# Re: [R] Power Analysis

From: Albyn Jones <jones_at_reed.edu>
Date: Mon, 18 Apr 2011 15:14:29 -0700

> power.t.test(n = 2, delta = 13.5, sd = 1.19, sig.level = 0.05)

```              n = 2
delta = 13.5
sd = 1.19
sig.level = 0.05
power = 0.9982097
alternative = two.sided

```

Now, with n=2, the power is already .99. With n=1, there are zero df. So, what n corresponds to a power of .8?

> power.t.test(n = 1.6305, delta = 13.5, sd = 1.19, sig.level = 0.05)

Two-sample t test power calculation

```              n = 1.6305
delta = 13.5
sd = 1.19
sig.level = 0.05
power = 0.8003734
alternative = two.sided

```

It looks like 1.63 subjects will do the job :-)

Finally, look at the power.t.test function, there is a line that explains your error message:

else if (is.null(n))

n <- uniroot(function(n) eval(p.body) - power, c(2, 1e+07))\$root

power.t.test() is making the sensible assumption that we only care about sample sizes of at least n = 2....

albyn

On Mon, Apr 18, 2011 at 02:31:19PM -0700, Schatzi wrote:
> I am trying to do a power analysis to get the number of replicas per
> treatment.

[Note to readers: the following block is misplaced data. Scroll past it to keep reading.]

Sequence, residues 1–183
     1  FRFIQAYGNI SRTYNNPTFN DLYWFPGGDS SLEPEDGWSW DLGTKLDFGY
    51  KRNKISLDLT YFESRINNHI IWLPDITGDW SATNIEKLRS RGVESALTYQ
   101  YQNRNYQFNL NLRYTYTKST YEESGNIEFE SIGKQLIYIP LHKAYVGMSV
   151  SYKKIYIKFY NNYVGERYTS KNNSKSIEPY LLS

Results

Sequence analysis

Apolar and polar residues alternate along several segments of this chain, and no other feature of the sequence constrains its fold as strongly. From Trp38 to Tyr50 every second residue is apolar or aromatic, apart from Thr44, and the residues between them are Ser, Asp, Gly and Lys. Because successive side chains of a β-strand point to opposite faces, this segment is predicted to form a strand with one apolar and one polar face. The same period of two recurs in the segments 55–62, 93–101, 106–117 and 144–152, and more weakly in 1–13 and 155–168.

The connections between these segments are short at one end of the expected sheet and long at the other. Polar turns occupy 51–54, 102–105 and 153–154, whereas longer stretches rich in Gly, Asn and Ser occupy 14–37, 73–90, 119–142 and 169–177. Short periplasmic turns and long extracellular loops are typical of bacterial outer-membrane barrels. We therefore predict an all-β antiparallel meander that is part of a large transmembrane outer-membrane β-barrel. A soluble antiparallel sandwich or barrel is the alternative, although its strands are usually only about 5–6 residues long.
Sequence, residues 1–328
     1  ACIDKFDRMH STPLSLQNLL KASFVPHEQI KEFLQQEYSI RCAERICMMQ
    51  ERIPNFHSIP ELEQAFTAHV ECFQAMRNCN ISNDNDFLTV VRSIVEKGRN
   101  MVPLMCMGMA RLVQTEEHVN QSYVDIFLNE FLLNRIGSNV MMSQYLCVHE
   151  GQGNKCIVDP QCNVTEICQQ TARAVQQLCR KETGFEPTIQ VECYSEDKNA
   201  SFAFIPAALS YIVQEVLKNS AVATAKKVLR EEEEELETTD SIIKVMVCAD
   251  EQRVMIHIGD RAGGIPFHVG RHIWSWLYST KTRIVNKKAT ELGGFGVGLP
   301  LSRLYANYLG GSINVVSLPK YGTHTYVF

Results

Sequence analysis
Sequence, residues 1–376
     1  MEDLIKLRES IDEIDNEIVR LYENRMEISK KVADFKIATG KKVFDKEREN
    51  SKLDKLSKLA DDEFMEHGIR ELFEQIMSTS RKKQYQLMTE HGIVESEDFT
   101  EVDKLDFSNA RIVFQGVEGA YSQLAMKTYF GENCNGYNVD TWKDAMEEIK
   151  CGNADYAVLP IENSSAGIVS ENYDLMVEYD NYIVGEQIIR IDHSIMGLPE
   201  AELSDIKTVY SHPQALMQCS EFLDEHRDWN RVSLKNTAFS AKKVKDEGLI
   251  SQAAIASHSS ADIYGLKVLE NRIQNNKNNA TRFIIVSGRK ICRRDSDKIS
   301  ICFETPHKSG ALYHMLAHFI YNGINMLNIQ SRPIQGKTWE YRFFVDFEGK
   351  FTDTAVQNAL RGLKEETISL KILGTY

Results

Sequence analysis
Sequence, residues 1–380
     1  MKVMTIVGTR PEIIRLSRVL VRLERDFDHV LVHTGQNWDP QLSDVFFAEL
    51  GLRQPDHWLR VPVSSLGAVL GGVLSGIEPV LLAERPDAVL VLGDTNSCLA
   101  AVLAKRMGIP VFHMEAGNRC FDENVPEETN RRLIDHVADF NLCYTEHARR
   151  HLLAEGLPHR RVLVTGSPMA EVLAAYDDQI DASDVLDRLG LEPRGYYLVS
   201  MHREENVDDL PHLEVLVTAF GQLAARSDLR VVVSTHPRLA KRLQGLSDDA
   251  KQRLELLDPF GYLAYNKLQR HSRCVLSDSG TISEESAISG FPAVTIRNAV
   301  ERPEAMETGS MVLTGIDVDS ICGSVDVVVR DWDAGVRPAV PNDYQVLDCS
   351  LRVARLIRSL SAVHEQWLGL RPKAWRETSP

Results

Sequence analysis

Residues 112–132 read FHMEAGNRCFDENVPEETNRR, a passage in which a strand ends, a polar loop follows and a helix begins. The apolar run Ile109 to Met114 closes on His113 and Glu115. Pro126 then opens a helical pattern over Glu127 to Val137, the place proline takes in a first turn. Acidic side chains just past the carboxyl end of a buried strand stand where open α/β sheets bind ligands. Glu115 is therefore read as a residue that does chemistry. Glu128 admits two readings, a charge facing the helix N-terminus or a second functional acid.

>
> If I try to get the power it works just fine:
> setn=c(2,3)
> sdx=c(1.19,4.35)
> power.t.test(n = setn, delta = 13.5, sd = sdx, sig.level = 0.05,power =
> NULL)
>
> If I go the other way to obtain the "n" I have problems.
> sdx=c(1.19,4.35)
> pow=c(.8,.8)
> power.t.test(n = NULL, delta = 13.5, sd = sdx, sig.level = 0.05, power =
> 0.8)
>
> Is there any way to do this? Thank you.
>
> --
> View this message in context: http://r.789695.n4.nabble.com/Power-Analysis-tp3458786p3458786.html
> Sent from the R help mailing list archive at Nabble.com.
>
> ______________________________________________
> R-help_at_r-project.org mailing list
> https://stat.ethz.ch/mailman/listinfo/r-help
> and provide commented, minimal, self-contained, reproducible code.
>

```--
Albyn Jones
Reed College
jones_at_reed.edu

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